Zakia Khudadadi, Afghanistan’s Would-Be First Woman Paralympian, Takes Refuge in Australia

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The Tokyo 2020 Olympic and Paralympic logos are displayed on the Hinomaru driving school building in Tokyo on June 29, 2020. (Photo by CHARLY TRIBALLEAU / AFP) (Photo by CHARLY TRIBALLEAU/AFP via Getty Images)

Image Source: Getty / Charly Triballeau

Zakia Khudadadi, who was set to make history as Afghanistan’s first woman Paralympian, and fellow Afghan Paralympic team member Hossain Rasouli, a discus thrower, are currently unable to leave for the upcoming Games starting Aug. 24, following the Taliban’s takeover of Kabul, Afghanistan, and all other major Afghan cities. This came after longstanding United States military forces began departing from the country.

The Afghanistan Paralympic Committee’s chef de mission (aka leader), Arian Sadiqi, based in London, told Reuters that he’d been scheduled to fly to Japan to meet Khudadadi and Rasouli, who were due to land in Tokyo on Aug. 17. However, ticket prices out of Kabul soared in the midst of the Taliban’s siege, then flights were canceled. Ensuing turmoil at Kabul’s Hamid Karzai International Airport meant the athletes couldn’t leave the country as planned.

Due to the serious ongoing situation in the country, all airports are closed and there is no way for them to travel to Tokyo,” the International Paralympic Committee told NPR on Monday. “We hope the team and officials remain safe and well during this difficult time.”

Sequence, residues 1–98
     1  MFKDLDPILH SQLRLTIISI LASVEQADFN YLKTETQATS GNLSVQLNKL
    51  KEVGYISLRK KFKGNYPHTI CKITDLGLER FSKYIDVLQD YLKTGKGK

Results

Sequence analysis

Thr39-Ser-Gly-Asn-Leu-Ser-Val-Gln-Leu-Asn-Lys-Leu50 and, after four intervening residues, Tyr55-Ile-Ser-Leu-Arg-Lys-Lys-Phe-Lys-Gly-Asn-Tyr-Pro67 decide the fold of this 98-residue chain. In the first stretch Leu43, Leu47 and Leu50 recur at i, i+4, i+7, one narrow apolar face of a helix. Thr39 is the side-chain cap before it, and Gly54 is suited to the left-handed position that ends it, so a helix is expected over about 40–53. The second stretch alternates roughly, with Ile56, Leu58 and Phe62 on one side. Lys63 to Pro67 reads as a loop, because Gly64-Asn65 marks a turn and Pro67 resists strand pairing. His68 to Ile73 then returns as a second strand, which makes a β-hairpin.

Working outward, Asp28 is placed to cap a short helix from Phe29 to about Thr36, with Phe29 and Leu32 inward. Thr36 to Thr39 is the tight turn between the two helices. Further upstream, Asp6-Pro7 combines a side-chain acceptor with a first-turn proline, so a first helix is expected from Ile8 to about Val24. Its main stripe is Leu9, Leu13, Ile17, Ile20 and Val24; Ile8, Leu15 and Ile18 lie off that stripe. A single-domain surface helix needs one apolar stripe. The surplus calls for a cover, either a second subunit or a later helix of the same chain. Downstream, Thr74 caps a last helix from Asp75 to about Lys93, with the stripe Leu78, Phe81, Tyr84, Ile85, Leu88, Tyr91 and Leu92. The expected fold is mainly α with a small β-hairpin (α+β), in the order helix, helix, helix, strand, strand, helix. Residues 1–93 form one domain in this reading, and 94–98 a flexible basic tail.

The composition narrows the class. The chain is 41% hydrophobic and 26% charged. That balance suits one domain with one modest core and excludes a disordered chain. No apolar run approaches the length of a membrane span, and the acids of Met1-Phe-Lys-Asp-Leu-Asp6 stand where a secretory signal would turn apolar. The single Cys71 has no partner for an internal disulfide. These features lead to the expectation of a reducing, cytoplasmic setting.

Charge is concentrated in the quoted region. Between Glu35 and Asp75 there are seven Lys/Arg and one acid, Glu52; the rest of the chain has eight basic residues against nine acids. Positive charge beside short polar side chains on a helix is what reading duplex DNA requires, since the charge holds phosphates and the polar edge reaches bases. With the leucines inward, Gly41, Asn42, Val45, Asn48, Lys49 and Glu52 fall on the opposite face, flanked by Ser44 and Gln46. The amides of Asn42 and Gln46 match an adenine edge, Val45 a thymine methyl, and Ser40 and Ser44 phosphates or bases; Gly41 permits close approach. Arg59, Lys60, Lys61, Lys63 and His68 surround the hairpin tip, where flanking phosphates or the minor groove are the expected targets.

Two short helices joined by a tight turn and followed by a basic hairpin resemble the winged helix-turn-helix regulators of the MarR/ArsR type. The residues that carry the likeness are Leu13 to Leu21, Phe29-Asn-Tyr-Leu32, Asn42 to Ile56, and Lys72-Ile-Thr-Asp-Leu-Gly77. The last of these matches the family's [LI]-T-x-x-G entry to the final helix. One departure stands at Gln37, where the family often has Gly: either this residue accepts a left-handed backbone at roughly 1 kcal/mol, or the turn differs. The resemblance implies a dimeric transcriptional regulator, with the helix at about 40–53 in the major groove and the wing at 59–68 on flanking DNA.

Khudadadi still hopes to get to Tokyo. “I request from you all . . . on behalf of all Afghan women to help me,” she said, according to The Wall Street Journal. “My intention is to participate in the Tokyo 2020 Paralympic Games, please hold my hand and help me.” She continued, “Please, I request you all — especially all the women from around the globe and the female institutions and the United Nations — to not let the rights of a female citizen of Afghanistan in the Paralympic movement to be taken away so easily.”

Khudadadi gained recognition for her winning performance at the first-ever African Para-Taekwondo Championships in 2016, and she received a taekwondo wild-card berth for the Tokyo Paralympics, which she told Paralympic.org she was “thrilled” about. She’d been set to participate in the under-49-kilograms competition for the K44 classification.

This is the first time that a female athlete will be representing Afghanistan at the Games and I’m so happy,” Khudadadi, now 23, said in the Paralympic.org interview published on Aug. 10. She added that she was inspired by taekwondo Olympian Rohullah Nikpai, who won back-to-back bronze medals for Afghanistan at the 2008 and 2012 Games. This year marks taekwondo’s Paralympics debut.

This is the only instance to date that Afghanistan, which has never won a Paralympic medal, may not be represented at the Games other than in 2000, when the country was barred due to the oppression of women under the Taliban rule that was ousted in 2001. “Previously during the Taliban era people couldn’t compete, couldn’t participate, especially female athletes,” Sadiqi told Reuters. He added that he’s heartbroken for Khudadadi, who was “very passionate” about competing. “This was history in the making.”

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